A New Face in the Garden Part 2

And on…  Then, at, yes, a garden centre, propped against the base of a Wellingtonia, there he was.  Bang.  Love at first sight.  Strong featured.  Hair a mass of Medusa like curls.  And, best of all, he was sticking his tongue out.  OK, he was concrete, but it was kind of roughly done, a good colour, and as no-one had plainly fallen like we had, he had the beginnings of a good coat of lichen. No price tag.  The saleman was nonplussed.  Our concrete man had been part of something else, but the something else had got broken, leaving him behind.  The face had a sort of bib, which must have socketed into the ‘something else’.  The salesman named, rather doubtfully,  a price.  We should have beaten him down.  We hastily rushed our new friend to the car, lest the price go up.

A day or so later, impatient, we fearfully hacked the bib away from the face, raided another part of the garden for a one of the huge rectangular stones to make him a plinth, dug up some rodgersias, and voila! There he was amongst the mud and looking smug.

But we wanted him amongst vegetation, when that returns, and a foot or so back from the pool’s margin.  We rigged up some hosepipe to the pump, fed it into the man’s head, and spout he did.  Alas, the pump wasn’t up to the distance the water needed to be thrown, merely increasing the soup-like consistency of the garden.  Ok.  We need a more powerful pump.  Alas too, the plinth is quite high, and we realised how much fun it would be if the water fell first into a stone trough, and then a spigot from that emptied water into the pool…. And then…  But I won’t go on.  We shouldn’t have done it.  We are now spending time (and money) on avoiding something terrible.  A four letter word.  Naff.

our new face


About david stuart

garden writer and journalist, and occasionally a designer, with a garden in the Scottish borders, and his pal's gardens in Edinburgh, London, and Lincolnshire. They keep both of us very, very busy. Books I've written listed on my website, and dozens of articles and garden and plant pictures. Currently working on several new projects. One of these was to return to painting - see the blog - and which is proving exciting! www.david-stuart.co.uk or, more fun, have a look at www.pinterest.com/davidcstuart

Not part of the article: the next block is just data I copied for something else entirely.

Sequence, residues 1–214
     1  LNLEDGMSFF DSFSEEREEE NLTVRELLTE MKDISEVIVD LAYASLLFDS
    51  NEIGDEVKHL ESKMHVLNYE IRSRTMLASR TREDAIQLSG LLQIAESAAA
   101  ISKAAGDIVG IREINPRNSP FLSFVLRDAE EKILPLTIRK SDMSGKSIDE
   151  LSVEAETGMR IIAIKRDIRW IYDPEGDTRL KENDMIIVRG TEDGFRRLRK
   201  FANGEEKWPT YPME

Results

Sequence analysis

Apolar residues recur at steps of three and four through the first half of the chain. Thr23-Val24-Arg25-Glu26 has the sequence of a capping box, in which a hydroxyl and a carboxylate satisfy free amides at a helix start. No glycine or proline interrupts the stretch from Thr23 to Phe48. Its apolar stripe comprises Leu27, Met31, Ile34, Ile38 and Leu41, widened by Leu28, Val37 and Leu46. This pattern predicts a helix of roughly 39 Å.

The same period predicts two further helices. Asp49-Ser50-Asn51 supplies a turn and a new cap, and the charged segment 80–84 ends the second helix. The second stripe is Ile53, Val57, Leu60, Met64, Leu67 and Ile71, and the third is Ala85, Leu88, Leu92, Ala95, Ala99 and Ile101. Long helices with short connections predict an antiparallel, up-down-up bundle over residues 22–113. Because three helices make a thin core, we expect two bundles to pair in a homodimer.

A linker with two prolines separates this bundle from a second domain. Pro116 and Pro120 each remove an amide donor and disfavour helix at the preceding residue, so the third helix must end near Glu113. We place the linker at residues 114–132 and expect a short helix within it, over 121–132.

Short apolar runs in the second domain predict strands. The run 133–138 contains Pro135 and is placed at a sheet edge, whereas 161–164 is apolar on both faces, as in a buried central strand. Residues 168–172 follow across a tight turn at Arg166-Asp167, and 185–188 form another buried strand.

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2 Responses to A New Face in the Garden Part 2

  1. Roger H. Boulet says:

    Greetings David,
    I had to look for a definition of “naff,” first off. In North America I think we use the word kitsch to mean about the same thing….

    I think anyone who has been to Italy becomes a convert to fountains. I fondly remember when living for some weeks at Aix-en-Provence, there were a number of simple affairs in town, spouting water much like their ancestors had at Aquae Sextiae. There was even one fountain, growing moss that spouted warm water. Residents would bring there plastic containers to fill up on the first rate drinking water. I loved these useful fountains…

    Our present house in Summerland has a spring-fed stream running through our back yard. Usually bordered by iris and day lilies in the spring and summer, right now there is a large quantity of watercress (just above the little waterfall) which we put into our evening soups…I have also planted 5 different kinds of mint at strategic locations….When the windows are open in the summer, we can hear the sounds of this creek… the level never varies… It was actually one of the main reasons why we bought this house almost 20 years ago now… The creek preserves a lot of its natural wild uncivilized character… we love it.. But I do remember Italy and Aix…..

    • david stuart says:

      Roger hi!
      Eerm… In the UK, amongst the visually and morally corrupt, the work ‘kitsch’ is often a term of huge admiration. In fountain terms, it would encompass a large plastic statue of Mickey Mouse having a pee. For those of us not so tainted, the word ‘naff’, uttered with a shudder, would do instead.

      As to your own garden, no purely natural feature, like your spring (of which i am sick with envy), can possibly be either naff or kitsch. However, were you to give it a grotto, plus or minus something like Minnie Mouse or a even a Neo-Classical nymph, then it could be both. If you were hugely rich, and the spring strong enough, and you could do something like the cascade at Villa d’Este, then no word would do. Only a gasp of wonder.

      Snow on Cheviot this morning, and to be down at this level by Friday. A comfort breakfast as a result… croissant with apple and rosehip jelly. Hips of the eglantine rose to be precious about it…


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